Tag Archive | #Flowers

#FolkloreThursday 05 Nightingale & The Rose

Today’s theme for #FolkloreThursday is Birds and my favourite is the tale of how the Nightingale could not sing until he fell in love with the Rose. (Click the image to enlarge)

180322 Nightingale & the Rose 02

The Nightingale & the Rose (An Arabic Legend)

It is told that long ago, the Nightingale could not sing, he simply chirped and squawked. Then one day, he saw a beautiful white rose with whom he fell instantly in love.

From that day forth he was inspired to sing and it is believed that the flower would only open from her bud when she heard the Nightingale ‘s song.

The pair were so in love that one day the Nightingale became so enamoured he grasped the white rose to his breast. He held her so tightly that a thorn pierced his heart. His blood coloured the rose, turning her white petals red , and so she would stay  for  the rest of her days.


My version of this little tale features in ‘Rainbows & Roses ~ Poetry & Prose’ Rose English (click the image to enlarge)

180321 R & R 02.png

Thank you for visiting. Happy Reading.



#WorldPoetryDay ‘Lost Love in Spring’

170320 Lost Love Spring small(click the image to enlarge)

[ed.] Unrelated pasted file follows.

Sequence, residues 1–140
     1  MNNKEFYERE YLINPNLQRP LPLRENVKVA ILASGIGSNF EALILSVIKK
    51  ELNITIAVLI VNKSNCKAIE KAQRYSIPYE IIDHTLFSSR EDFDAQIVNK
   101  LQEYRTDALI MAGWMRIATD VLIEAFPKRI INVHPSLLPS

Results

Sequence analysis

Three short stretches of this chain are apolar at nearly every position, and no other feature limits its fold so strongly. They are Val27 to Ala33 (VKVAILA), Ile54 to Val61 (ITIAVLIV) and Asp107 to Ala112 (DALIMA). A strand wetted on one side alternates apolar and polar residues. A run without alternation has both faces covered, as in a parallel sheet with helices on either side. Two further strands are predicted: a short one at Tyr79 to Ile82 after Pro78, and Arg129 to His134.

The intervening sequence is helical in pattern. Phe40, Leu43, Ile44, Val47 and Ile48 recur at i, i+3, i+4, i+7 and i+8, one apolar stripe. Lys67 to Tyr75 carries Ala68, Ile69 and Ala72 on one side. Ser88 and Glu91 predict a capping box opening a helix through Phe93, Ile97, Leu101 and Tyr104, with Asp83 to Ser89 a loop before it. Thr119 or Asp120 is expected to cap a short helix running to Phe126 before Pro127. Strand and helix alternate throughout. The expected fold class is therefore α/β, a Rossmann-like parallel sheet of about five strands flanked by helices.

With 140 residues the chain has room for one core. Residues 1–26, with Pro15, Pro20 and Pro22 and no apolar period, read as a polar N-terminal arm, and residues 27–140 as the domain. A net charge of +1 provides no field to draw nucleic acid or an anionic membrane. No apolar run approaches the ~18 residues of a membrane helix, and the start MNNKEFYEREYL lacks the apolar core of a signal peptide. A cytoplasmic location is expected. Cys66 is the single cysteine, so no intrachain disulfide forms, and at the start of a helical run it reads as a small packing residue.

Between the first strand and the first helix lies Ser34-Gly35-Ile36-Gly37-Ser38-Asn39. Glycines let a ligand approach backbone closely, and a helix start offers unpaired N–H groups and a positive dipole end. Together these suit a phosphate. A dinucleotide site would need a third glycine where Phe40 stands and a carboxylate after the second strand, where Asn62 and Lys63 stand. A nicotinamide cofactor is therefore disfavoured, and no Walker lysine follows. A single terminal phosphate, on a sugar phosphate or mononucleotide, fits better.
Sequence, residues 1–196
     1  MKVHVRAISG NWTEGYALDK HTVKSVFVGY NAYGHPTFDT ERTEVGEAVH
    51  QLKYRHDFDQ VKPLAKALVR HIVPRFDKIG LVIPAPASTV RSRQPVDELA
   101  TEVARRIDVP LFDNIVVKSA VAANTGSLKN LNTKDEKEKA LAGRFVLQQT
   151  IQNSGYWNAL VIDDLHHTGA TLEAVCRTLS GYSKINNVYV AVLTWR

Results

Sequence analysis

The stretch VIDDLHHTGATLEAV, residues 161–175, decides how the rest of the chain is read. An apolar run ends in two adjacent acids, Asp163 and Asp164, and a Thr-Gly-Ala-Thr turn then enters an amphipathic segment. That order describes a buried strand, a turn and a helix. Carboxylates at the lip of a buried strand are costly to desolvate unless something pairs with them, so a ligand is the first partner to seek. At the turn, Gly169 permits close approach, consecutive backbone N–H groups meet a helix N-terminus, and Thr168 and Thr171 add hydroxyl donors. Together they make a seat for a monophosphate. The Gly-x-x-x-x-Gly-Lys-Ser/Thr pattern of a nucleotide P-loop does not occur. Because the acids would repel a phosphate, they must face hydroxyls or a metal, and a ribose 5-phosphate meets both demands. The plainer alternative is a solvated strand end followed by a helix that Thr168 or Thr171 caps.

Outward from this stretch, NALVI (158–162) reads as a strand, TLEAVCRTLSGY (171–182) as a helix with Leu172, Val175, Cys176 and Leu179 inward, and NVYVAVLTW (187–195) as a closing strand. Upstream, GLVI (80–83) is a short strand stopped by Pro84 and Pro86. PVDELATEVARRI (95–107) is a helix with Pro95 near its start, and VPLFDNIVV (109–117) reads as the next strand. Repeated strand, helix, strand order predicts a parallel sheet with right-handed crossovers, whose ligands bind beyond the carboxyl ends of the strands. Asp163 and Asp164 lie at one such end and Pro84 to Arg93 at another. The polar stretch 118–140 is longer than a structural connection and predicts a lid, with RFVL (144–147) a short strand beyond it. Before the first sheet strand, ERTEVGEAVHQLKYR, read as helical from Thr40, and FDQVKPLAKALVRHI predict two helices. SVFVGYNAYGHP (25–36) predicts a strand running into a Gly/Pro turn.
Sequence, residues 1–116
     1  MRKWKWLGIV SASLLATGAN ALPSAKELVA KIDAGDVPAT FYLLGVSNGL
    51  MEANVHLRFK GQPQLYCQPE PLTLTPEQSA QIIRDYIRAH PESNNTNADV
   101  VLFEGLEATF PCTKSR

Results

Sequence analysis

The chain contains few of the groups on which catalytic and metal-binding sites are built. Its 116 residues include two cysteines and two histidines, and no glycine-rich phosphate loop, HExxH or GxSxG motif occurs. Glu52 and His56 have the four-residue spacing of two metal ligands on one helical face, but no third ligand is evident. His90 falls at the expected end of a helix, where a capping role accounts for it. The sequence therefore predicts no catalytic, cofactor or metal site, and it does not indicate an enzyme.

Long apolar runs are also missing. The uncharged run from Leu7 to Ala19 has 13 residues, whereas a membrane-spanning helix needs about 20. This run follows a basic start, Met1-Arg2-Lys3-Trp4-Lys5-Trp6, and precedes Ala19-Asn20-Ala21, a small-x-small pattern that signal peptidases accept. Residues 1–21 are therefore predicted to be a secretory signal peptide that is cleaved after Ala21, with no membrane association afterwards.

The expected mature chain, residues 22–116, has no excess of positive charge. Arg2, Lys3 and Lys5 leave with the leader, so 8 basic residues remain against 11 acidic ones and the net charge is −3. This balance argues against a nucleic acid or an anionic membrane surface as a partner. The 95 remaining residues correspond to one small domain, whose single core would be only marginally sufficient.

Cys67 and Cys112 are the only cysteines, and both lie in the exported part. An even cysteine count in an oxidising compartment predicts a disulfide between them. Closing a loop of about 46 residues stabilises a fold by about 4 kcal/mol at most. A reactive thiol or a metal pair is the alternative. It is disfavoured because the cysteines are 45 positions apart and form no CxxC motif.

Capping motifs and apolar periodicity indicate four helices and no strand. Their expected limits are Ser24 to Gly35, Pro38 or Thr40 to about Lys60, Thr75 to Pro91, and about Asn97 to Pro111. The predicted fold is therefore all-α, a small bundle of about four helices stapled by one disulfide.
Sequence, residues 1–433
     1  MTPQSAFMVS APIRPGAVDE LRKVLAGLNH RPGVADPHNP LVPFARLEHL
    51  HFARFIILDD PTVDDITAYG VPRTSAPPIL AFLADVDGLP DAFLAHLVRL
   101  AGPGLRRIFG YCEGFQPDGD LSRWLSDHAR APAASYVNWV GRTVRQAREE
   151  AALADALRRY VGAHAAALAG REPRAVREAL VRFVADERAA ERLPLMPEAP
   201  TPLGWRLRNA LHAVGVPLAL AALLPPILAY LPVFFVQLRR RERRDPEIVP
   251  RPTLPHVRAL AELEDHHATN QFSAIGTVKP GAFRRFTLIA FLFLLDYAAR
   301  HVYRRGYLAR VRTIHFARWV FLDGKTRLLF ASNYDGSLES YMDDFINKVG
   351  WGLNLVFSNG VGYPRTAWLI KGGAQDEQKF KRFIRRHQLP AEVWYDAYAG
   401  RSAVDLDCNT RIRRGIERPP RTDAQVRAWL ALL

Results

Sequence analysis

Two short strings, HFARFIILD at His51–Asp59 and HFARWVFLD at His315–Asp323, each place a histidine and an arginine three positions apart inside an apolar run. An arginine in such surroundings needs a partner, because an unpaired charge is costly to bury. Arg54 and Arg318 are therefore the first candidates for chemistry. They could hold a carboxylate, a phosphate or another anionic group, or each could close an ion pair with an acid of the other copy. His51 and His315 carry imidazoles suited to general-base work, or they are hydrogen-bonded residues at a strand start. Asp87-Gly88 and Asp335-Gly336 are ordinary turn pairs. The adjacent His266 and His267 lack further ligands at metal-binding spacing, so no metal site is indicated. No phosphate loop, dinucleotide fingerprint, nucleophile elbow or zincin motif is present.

World Poetry Day

A celebration of poetry around the world first introduced by the United Nations Educational, Scientific, and Cultural Organization (UNESCO), in 1999. Held on March 21st each year.

‘Lost Love in Spring’ by Rose English

I was overwhelmed when my little short story ‘Lost Love in Spring’ was nominated for a Summer Indie Book Awards in 2017. I do not even know who put the book forward but I am over the moon. So whoever you are Thank You. As today is World Poetry Day and Spring is now officially here, I want to share some of the teasers from my book ‘Lost Love in Spring’.

The story is only short but the book includes an A~Z of Herbal Remedies and for each plant featured there is a small poem to accompany it. Many taken from an old poetry book published in 1800

So here is the image that shows the opening line of the story. Click any image to enlarge it (note it opens in a new window)

08 Lost Love


‘…And many a weary heart shall sing
The Snowdrop bringeth Hope and Spring.’

(From the book Poetry of the Flowers by Mrs CM Kirtland 1800)

Hope is all Emmeline has.

Under rolling storm clouds and raging thunder, the Gods unleash their wrath upon the earth, and in the chaos of the countryside awash with rivulets, Alfie Beeson is felled by some unseen force. With a desperate burst of strength, Emmeline drags her unconscious husband back to their cottage.